November 5th, 2010
UPDATE NASA Shuttle.. Leak Leaves Launch In Lurch (LAUNCH DELAY)
Details will be discussed during a 1 p.m. news conference with Mike Moses, Space Shuttle Program launch integration manager and mission management team chairman, and Mike Leinbach, shuttle launch director.
Technicians will retrieve the ground umbilical carrier plate at Launch Pad 39A and begin a close look at it over the weekend after a leak in the apparatus prompted a scrub of Friday's launch attempt for space shuttle Discovery. Mike Leinbach, shuttle launch director, said the liftoff was postponed until no earlier than November 30 so engineers could have time to consider the problem and inspect the GUCP more closely.
Mission managers also will look closely at a crack in the external tank foam that developed as supercold liquid hydrogen and liquid oxygen were being drained from the tank. The 15-story tall, orange external tank shrinks and expands as its temperature changes from the effects of the propellants. That change can cause the foam insulation on the outside of it to crack.
Mike Moses, chair of the Mission Management Team, said the crack did not develop until after the launch attempt was called off. However, he said the team will analyze the crack carefully.
The leak, detected early Friday morning while the shuttle's external fuel tank was being loaded, was at the Ground Umbilical Carrier Plate, or GUCP, an attachment point between the external tank and a 17-inch pipe that carries gaseous hydrogen safely away from Discovery to the flare stack, where it is burned off.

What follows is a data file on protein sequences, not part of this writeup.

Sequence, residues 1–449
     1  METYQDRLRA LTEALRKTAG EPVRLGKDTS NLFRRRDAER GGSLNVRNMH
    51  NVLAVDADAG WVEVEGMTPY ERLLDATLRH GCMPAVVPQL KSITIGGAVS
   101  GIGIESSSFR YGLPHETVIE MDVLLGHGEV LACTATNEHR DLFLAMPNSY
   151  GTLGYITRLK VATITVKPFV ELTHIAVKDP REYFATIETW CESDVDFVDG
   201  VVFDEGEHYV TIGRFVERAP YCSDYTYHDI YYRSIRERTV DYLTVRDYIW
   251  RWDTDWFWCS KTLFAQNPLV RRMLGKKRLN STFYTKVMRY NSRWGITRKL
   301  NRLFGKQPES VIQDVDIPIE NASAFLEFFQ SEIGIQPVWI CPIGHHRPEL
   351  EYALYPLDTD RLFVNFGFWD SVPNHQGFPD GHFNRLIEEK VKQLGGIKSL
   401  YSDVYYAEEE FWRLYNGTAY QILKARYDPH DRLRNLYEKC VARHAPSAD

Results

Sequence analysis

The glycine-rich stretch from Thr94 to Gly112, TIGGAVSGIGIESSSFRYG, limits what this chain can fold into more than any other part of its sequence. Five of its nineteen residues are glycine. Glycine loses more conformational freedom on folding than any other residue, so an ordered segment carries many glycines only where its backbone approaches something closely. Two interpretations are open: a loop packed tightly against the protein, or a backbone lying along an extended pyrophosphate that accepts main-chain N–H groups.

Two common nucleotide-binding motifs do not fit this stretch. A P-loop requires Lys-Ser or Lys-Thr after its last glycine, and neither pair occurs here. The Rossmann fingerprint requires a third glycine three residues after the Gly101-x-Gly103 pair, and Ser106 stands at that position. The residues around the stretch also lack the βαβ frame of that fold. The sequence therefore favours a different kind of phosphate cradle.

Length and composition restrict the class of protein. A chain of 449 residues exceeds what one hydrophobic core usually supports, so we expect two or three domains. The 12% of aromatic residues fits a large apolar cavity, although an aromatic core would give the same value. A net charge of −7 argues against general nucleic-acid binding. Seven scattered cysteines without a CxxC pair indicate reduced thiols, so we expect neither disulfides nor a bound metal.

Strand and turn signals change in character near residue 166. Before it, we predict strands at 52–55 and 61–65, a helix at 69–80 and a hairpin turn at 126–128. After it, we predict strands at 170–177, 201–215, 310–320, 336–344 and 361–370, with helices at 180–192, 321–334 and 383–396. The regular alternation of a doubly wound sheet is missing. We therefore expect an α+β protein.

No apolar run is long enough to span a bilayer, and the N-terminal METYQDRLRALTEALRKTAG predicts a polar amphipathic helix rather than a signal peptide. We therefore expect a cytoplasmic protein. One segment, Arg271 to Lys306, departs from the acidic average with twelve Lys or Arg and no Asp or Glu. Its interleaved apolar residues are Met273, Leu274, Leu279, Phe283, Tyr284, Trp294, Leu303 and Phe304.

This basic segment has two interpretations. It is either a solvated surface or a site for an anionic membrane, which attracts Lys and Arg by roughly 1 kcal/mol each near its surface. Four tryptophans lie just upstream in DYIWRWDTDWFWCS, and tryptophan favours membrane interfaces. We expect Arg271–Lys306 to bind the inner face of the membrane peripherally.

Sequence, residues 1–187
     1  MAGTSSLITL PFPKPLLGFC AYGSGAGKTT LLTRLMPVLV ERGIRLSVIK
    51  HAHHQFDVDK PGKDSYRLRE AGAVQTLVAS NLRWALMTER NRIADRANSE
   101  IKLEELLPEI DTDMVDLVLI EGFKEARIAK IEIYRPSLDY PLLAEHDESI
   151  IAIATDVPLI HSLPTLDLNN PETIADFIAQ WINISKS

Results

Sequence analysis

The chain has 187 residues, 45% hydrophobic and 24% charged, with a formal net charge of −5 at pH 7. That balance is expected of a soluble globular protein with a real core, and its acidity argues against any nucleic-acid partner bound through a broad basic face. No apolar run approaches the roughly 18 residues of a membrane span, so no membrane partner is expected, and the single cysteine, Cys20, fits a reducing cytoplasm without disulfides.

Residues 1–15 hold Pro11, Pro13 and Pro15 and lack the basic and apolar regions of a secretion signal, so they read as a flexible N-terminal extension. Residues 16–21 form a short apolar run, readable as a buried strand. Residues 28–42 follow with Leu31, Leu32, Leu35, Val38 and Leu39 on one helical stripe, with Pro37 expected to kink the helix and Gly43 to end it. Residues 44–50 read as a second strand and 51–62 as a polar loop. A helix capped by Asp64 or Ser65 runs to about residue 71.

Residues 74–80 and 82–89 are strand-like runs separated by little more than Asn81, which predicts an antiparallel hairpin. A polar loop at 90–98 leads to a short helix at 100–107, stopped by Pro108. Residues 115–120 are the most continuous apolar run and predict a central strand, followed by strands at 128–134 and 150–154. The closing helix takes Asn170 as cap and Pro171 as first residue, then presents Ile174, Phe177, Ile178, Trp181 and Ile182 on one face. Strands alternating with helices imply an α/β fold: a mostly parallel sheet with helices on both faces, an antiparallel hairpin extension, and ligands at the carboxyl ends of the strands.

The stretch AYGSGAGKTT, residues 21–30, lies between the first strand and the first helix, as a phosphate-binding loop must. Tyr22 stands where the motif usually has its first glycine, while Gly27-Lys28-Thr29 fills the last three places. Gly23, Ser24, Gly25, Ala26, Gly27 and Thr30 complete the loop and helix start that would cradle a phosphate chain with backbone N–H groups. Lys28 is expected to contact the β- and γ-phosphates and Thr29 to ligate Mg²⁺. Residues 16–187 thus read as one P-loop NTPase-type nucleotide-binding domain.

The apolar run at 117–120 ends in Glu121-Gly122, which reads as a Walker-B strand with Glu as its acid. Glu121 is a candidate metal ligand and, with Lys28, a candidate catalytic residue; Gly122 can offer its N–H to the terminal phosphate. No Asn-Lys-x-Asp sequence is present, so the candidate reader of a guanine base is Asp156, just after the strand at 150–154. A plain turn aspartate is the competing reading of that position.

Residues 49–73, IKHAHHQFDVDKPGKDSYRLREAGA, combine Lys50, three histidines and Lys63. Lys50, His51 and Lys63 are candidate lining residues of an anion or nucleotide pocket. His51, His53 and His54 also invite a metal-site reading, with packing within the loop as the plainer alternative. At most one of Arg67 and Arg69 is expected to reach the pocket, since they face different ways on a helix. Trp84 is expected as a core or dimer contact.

The 11-day STS-133 mission will deliver the Permanent Multipurpose Module (PMM) to the station. The PMM, which was converted from the multi-purpose logistics module Leonardo, will provide additional storage for the station crew and experiments may be conducted inside it, such as fluid physics, materials science, biology and biotechnology.
The flight also will transport critical spare parts and the Express Logistics Carrier 4 (ELC4) to the station. ELC4 is an external platform that holds large equipment. Robonaut 2, or R2, will be the first human-like robot in space when it flies on Discovery inside the PMM to become a permanent resident of the station. The mission will feature two spacewalks to do maintenance work and install new components.
Commander Steve Lindsey leads the veteran crew, which includes Pilot Eric Boe and Mission Specialists Alvin Drew, Tim Kopra, Michael Barratt and Nicole Stott.
STS-133 is the final shuttle mission planned for 2010, Discovery's 39th flight and the 35th shuttle mission to the station.